Greater networking of combat nodes means an intruder could exact a large impact upon multiple systems by merely penetrating or compromising one platform, node or point of entry.

The need to safeguard F-35 computing is something that has been on the radar at the Pentagon for many years now. Interestingly, as far back as 2016, the Air Force was working intensely upon the need to “bake-in” cyber protections and resilience early in the developmental process of new weapons systems and emerging technologies. 

Former Air Force Chief Information Security Officer Peter Kim cited the F-35 in 2016 as a key example of how cybersecurity priorities and technologies needed to expand well beyond the realm of IT to incorporate large weapons systems. Speaking at an Armed Forces Communications and Electronics Association event in December of 2016, Kim specifically cited the F-35 saying “we need to focus on cyber defense and cybersecurity beyond what we have traditionally done. Threats are changing, so how do we approach the domain of cyberspace beyond what we are thinking about with IT?”

By as soon as 2022, the Pentagon’s F-35 is expected to operate with an advanced on-board computing system intended to ensure optimal functionality, improve maintenance and sustainment by anticipating points of failure, monitor aircraft systems and help organize data.


Lockheed Martin Aeronautics Company-Fort Worth-John E. Wilson M.Photog.Cr.ASP; Document Luke, AFB Trip; 

Alongside the more often discussed issues related to weaponry, stealth characteristics and combat capability, logistics, sustainment and conditioned-based maintenance factors are also of critical importance to the F-35. 

Operational Data Integrated Network (ODIN)

This is a key reason why the jet is now being upgraded with an advanced new computer system to replace its Autonomic Logistics Information System with a new, more-capable system called Operational Data Integrated Network (ODIN). ODIN, regarded as a follow-on upgrade to the at times technically challenged ALIS system, is slated to be fully operational by 2022.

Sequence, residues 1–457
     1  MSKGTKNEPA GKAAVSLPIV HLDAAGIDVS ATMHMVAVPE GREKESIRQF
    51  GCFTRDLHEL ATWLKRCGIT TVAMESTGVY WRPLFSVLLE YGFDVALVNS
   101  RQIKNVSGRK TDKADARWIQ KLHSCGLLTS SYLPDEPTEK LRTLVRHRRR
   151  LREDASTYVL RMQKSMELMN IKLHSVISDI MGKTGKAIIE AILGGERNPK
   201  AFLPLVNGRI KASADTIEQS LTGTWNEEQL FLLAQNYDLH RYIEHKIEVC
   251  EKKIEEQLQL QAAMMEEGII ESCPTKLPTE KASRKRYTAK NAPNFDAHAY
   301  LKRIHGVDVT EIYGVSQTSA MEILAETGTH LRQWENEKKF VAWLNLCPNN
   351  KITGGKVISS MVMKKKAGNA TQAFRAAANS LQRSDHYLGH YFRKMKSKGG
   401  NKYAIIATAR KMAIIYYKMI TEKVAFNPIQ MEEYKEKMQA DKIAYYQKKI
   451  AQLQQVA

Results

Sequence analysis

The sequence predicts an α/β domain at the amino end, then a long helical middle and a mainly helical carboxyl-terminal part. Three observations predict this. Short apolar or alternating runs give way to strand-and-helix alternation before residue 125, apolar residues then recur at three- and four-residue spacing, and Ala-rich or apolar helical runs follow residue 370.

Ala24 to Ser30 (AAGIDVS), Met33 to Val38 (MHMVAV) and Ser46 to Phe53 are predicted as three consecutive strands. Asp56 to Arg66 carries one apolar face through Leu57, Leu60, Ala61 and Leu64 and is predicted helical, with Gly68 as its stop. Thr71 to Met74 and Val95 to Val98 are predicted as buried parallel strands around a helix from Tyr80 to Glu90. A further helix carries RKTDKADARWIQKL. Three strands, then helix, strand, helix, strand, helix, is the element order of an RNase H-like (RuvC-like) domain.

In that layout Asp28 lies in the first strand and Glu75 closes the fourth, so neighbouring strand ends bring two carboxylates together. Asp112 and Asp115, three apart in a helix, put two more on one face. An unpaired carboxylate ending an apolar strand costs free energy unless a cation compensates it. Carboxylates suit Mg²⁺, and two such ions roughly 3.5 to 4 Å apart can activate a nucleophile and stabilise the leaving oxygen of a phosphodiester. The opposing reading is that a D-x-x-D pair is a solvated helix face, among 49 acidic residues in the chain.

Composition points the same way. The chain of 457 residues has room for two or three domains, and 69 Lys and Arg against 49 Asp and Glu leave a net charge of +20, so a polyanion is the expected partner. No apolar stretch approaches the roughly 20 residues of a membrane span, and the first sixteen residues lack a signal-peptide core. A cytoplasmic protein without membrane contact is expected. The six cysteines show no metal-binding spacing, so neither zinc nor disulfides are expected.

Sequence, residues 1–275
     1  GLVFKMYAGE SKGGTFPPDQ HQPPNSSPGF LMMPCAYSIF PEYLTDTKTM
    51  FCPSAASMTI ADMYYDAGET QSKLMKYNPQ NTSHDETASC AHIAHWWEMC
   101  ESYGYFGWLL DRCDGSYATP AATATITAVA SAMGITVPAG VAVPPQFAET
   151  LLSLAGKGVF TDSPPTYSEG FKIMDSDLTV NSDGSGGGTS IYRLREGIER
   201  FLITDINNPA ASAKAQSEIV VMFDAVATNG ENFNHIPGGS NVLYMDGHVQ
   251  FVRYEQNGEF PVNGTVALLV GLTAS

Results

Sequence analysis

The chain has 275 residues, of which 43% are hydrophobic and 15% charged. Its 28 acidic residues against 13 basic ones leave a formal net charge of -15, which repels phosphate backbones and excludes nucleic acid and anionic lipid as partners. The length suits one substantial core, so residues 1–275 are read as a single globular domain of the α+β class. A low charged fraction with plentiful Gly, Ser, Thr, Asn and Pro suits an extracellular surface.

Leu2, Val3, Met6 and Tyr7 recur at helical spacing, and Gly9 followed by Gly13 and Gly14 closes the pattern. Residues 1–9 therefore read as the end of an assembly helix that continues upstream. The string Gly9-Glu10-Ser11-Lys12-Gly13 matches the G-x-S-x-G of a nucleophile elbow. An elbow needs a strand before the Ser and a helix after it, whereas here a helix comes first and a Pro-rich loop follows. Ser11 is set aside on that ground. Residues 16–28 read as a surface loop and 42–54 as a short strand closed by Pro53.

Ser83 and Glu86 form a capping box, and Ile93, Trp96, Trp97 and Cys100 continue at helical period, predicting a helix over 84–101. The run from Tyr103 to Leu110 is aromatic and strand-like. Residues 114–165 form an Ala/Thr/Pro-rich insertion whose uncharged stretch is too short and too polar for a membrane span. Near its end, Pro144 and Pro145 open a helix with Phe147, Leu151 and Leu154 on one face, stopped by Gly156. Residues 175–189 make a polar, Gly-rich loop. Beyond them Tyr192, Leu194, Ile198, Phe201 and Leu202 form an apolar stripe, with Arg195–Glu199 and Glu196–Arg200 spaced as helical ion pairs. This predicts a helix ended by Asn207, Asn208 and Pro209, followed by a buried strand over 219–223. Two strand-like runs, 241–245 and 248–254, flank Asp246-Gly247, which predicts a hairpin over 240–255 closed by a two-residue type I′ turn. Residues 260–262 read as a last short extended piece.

Unlike its predecessor ALIS, ODIN may not be narrowly configured to purely perform maintenance functions but may also impact and improve aircraft information processing, management and transmission.


Luke AFB Code One Mission Lockheed Martin Aeronautics Photo by Angel DelCuet

As a high-speed, diagnostic computer system, ODIN will perform a number of critical functions. One of those is conditioned-based maintenance wherein onboard sensors and computers monitor flight systems such as engine rotations or cooling functions. ODIN will also examine the component health of on-board software and hardware throughout the aircraft such as avionics and other electronics.

Part of the concept with ODIN is to anticipate potential failures well before there is any kind of malfunction to both preserve the safety and survivability of the aircraft and also streamline the repair and maintenance process by getting ahead of the curve. Most of all, a diagnostic or predictive computer system of this kind can mitigate the risk of any kind of in-flight malfunction which could of course introduce operational challenges. 

Things like engine performance and reliability, electronics and cooling systems and weapons delivery technologies need to be monitored for health and maintenance. This streamlines the repair and maintenance process in a way that improves consistency of performance and also saves money by stabilizing the supply chain.

These things are crucial factors related to why the F-35 maintains a high mission-readiness rate and can quickly receive upgraded electronics or spare parts.

ODIN is the kind of system likely to impact the often less-recognized issue of F-35 sustainment. Questions pertaining to sustainment and operating costs of an F-35 persist, and yet the dynamic is very likely to be measurably improved with the arrival of ODIN which can ensure a level of predictability, planning and supply delivery sufficient to lower costs considerably. 

Kris Osborn is the defense editor for the National Interest and President of Warrior Maven -the Center for Military Modernization. Osborn previously served at the Pentagon as a Highly Qualified Expert with the Office of the Assistant Secretary of the Army—Acquisition, Logistics & Technology. Osborn has also worked as an anchor and on-air military specialist at national TV networks. He has appeared as a guest military expert on Fox News, MSNBC, The Military Channel, and The History Channel. He also has a Masters Degree in Comparative Literature from Columbia University.

Kris Osborn, Warrior Maven President

Kris Osborn, President of Warrior Maven, Center for Military Modernization